Community spirit and preserving the heritage of Grassy Park is the main objective of the non-profit organisation, Community ThinkTank SA.
“As an organisation we have development in our streets, communities and neighbourhoods as our core focus,” says Robin Oakes, founder of the organisation.
The organisation says Grassy Park still has a sense of community.
“The Grassy Park community, is a Cape Flats pioneering community, with integral links to the developing Cape Town of the 1800`s, and has a rich legacy of community building, community pride and the ensuing community spirit which have developed through the years. Our history and heritage speak for itself and since 2015 we have developed the Grassy Park Community Heritage Preservation Council to further uncover, share and house our local heritage,” he says.
The Kannemeyer family developed the first school on the Cape Flats, namely EC Primary in 1904. The Harmony Society, a civic organisation, was founded by a janitor, farmer, insurance agent and a teacher during the 1920’s and they built the first hall, The Harmony Hall, on the Cape Flats.
“This society further developed the first burial society on the Cape Flats, the Leliebloom Society, which is still in operation today. Lotus River Primary School is the first ‘board school’ and the Harmony Society helped to establish the school,” Oakes says.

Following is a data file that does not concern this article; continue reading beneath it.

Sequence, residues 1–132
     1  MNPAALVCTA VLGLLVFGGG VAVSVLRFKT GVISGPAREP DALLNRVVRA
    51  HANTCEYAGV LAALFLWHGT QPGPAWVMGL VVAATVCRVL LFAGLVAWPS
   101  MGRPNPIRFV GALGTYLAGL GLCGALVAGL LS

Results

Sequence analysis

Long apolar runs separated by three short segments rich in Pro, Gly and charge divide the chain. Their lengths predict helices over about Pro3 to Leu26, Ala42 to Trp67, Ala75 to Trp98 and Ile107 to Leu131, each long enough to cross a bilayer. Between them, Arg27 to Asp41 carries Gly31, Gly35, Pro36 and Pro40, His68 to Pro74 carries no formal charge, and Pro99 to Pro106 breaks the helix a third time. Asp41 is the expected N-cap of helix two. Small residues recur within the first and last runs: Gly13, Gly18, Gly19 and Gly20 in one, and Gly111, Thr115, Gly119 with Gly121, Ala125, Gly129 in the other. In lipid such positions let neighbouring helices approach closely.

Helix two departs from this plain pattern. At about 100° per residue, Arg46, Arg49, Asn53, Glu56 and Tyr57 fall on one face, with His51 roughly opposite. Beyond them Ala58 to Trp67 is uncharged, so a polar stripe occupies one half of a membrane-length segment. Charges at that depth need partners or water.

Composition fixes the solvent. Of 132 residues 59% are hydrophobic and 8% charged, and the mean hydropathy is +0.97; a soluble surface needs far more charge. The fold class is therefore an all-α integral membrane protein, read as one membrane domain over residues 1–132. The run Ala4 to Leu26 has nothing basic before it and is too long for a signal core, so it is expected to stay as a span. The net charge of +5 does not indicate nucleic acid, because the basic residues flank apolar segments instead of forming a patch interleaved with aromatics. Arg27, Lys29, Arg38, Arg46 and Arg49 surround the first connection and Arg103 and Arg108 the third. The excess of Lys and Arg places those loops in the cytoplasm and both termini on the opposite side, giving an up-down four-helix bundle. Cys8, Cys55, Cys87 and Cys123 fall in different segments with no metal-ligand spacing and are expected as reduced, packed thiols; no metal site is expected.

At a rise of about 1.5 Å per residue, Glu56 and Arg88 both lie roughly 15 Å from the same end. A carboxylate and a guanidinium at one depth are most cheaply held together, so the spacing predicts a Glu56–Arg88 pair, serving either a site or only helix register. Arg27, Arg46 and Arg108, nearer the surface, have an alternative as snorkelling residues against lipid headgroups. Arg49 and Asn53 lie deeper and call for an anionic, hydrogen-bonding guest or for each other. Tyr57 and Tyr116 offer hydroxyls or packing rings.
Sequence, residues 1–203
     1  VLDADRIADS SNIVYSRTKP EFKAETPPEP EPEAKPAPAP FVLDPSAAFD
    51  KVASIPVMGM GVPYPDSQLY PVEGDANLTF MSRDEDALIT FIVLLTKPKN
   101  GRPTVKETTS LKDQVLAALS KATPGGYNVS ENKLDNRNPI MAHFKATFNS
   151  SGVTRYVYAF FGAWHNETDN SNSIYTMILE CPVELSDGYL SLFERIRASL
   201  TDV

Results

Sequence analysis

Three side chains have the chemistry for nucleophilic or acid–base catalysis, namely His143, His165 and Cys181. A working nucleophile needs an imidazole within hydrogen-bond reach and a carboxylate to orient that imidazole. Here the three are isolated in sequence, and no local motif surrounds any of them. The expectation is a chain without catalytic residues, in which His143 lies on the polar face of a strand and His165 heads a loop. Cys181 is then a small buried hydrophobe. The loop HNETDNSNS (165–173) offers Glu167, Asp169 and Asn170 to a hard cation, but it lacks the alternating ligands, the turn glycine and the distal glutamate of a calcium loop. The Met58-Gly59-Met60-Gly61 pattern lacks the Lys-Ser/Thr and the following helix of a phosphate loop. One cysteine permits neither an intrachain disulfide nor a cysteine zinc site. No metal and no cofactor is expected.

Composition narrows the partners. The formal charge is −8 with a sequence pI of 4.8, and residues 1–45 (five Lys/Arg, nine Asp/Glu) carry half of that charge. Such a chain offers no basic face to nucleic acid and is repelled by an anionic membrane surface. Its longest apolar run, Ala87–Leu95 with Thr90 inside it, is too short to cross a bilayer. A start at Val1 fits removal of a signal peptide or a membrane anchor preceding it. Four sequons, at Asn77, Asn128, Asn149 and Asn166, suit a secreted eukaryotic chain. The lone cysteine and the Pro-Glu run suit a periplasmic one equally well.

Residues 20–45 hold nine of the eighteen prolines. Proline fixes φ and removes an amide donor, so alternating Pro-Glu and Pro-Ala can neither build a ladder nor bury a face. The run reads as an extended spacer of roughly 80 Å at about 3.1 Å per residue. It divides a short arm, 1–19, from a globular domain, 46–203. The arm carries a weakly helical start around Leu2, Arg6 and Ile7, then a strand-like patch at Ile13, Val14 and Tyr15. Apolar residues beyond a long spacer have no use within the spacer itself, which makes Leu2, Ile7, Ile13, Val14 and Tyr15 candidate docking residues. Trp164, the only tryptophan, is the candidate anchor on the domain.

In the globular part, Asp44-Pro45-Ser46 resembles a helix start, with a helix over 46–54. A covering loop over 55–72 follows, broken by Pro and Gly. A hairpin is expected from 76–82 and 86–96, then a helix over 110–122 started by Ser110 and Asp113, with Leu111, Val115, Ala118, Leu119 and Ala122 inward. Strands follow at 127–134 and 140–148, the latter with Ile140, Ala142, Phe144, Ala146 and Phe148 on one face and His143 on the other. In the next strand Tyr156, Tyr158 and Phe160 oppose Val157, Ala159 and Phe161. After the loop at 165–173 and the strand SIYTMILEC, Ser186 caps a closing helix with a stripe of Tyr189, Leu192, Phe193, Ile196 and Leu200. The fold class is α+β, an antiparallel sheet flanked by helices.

Other heritage include the work of the Independent Order of True Templars founded in 1922 to guide the communities against alcohol and drugs. This organisation is still alive in Grassy Park today.
“We remember the property owning, pre-apartheid resilience of the early 1900 ‘pondokkie’ families of Parkwood, ‘the middletown of the Plumstead Flats and the families within Kok se Bos, Frikkadel-dorp en Zeekoevlei bungalows who had lived with fortitude within the Grassy Park of the 1800’s to 1960 and the onset of apartheid,” Oakes says.
According to him, family stories of organic farming, home crafting, clothes making, furniture making, Cape traditional home foods and preserves, culinary excellence and a rich culture of home grown medicinal herbs and remedies are remembered by young and old.
“It is against this backdrop that Grassy Park had built a strong community spirit largely pre-dating the onset and onslaught of family and community destabilising apartheid. In Grassy Park, entrenched families remember how they used to share excess produce and goods with local neighbours, heal families with herbs, fellowship together, grow food in their yards and many other community activities. A culture of sharing, the feeling that ‘your child is my child’ and true community spirit, is what we are trying to revive in Grassy Park,” he says.
The organisation is hosting different outreach programmes and workshops. One of the workshops is the Craft Route where locals are encouraged to adapt some of their craft to reflect the heritage in Grassy Park.